Charles Tam arrive to wrap up the first half with two of Messiaen’s Vingt Regards sur l’enfant-Jésus. Le baiser dr l’enfant-Jésus started things off for anyone who had never heard this outstanding French composer…you’d be surprised. The main sort of Jesus melody is heard and transposed aside daring chromatic  investigations aside daring expressionistic key play. Leading into the most acclaimed from the two hour piece: Regard de l’Esprit de joie. This tenth movement dazzles with sizzling Indian music, frantic high and low register pounding and an unwavering mastery of melody. Tam leaving this audience impressed, it has such a demand on the player, we too were tired after hearing it. My plus one knew little of Messiaen and was teary eyed by the end. Tam made an excellent choice here and it was a fine way to show his sweeping musicianship.

More of Emma and her companion on piano Jo Ramadam, who played everything with fine fingering and brezze. Schumann’s Myrthen got back to basics, heady Germanic style and sense of romance evaded the space. A choice of Sibelius songs proved Emma multi language skills further, these were fun and wry. Sanglots from Banalités by Poulenc was even more cheer and thrills. Emma really getting into the patter of the song. I want to hear her do more and Wagner!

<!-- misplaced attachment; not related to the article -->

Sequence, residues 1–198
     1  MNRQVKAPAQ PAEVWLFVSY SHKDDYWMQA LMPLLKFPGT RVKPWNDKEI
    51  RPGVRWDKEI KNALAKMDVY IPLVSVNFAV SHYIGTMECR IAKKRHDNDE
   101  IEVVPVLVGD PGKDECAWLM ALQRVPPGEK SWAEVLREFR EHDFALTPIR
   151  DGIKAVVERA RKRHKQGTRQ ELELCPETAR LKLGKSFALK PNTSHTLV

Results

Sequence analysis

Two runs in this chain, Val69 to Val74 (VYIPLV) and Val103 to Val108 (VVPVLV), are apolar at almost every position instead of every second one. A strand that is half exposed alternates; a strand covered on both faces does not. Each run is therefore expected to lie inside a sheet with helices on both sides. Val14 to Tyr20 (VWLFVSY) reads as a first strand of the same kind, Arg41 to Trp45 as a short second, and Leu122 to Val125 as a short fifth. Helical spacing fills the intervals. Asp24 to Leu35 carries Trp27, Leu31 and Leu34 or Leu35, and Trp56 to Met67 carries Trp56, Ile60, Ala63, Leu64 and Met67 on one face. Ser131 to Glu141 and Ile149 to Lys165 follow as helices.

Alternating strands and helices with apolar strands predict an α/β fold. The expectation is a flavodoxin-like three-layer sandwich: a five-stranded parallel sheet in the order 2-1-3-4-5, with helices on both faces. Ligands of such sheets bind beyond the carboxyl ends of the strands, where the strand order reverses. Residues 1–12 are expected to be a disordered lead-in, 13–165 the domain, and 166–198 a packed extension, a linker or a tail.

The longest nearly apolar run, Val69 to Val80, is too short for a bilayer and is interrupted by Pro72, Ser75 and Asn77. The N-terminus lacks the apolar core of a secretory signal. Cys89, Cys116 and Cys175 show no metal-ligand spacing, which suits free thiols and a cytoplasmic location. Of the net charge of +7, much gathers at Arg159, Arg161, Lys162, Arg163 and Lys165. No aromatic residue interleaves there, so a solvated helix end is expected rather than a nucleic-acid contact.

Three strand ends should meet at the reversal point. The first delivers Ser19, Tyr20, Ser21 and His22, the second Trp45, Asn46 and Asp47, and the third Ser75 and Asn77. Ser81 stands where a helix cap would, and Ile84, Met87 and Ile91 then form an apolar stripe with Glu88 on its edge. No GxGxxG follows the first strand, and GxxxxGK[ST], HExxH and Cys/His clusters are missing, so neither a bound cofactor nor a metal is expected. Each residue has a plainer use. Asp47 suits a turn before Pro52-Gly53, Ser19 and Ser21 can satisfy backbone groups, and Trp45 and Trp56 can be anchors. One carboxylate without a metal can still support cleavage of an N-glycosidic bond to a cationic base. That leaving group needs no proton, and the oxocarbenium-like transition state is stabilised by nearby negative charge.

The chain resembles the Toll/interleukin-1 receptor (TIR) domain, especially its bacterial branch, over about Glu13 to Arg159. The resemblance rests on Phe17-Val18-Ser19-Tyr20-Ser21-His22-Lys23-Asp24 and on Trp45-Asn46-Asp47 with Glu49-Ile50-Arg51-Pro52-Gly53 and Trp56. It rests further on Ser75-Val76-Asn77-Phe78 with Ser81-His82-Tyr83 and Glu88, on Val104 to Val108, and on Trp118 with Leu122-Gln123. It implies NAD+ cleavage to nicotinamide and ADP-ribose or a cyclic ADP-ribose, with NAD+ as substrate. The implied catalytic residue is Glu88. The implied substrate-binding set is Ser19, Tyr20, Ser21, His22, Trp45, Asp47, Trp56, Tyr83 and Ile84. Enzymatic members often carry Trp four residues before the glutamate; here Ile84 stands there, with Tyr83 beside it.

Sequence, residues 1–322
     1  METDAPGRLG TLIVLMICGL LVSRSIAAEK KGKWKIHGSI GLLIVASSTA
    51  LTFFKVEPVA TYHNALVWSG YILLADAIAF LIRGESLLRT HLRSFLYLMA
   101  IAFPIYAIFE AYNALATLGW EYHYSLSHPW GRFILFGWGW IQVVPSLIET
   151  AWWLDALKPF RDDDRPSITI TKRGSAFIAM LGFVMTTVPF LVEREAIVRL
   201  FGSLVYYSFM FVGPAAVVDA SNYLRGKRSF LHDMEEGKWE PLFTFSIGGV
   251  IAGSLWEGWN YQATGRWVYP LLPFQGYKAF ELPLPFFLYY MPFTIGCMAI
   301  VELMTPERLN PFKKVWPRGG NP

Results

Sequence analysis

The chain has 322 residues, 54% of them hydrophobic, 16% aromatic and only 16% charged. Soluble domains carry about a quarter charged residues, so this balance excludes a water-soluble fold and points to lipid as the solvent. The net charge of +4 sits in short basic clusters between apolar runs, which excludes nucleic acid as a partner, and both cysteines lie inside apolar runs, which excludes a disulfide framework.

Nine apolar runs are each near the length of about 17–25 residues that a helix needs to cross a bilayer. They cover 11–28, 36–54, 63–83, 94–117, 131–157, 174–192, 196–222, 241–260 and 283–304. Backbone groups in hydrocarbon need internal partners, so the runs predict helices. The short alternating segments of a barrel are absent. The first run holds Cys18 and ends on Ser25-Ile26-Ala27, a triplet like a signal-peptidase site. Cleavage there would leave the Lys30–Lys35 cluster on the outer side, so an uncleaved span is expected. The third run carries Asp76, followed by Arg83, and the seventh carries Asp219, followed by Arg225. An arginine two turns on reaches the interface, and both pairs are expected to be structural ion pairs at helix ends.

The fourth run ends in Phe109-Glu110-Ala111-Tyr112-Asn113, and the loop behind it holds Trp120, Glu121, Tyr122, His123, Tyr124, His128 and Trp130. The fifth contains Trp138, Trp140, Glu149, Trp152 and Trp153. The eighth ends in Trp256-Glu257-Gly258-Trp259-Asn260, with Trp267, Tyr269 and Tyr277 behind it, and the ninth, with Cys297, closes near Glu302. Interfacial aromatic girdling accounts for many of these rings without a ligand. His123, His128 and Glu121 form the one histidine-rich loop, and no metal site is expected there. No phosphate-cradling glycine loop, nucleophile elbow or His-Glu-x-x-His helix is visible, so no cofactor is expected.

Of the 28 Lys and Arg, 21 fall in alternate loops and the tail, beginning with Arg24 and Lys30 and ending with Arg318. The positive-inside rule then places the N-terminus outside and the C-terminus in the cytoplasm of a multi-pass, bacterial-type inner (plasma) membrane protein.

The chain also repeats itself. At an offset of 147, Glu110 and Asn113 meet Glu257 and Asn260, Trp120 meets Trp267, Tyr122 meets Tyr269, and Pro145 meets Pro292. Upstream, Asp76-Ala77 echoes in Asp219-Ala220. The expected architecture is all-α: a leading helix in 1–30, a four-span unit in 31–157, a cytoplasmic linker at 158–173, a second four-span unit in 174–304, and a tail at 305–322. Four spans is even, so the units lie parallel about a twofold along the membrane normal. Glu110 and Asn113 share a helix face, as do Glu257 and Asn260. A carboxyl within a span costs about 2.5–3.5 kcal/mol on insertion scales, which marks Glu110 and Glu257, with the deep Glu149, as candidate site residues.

Tam returned with a final offering, Liszt’s Fantasia quasi Sonata from Aprés une le tur du Dante. Half misery and half hope, the whole piece had the clamour you expect from Liszt. Hell and its layers evade the score effectively thanks to the composer’s cleverness. It didn’t quite complete the concert as an end piece, but I was caught by its passion and Tam’s real vitality, no score needed and his swaying motions throughout noteworthy. 

Review, Juan Pérez Floristán, LSO St Luke’s, London by James Ellis

 out of 5 stars (4 / 5)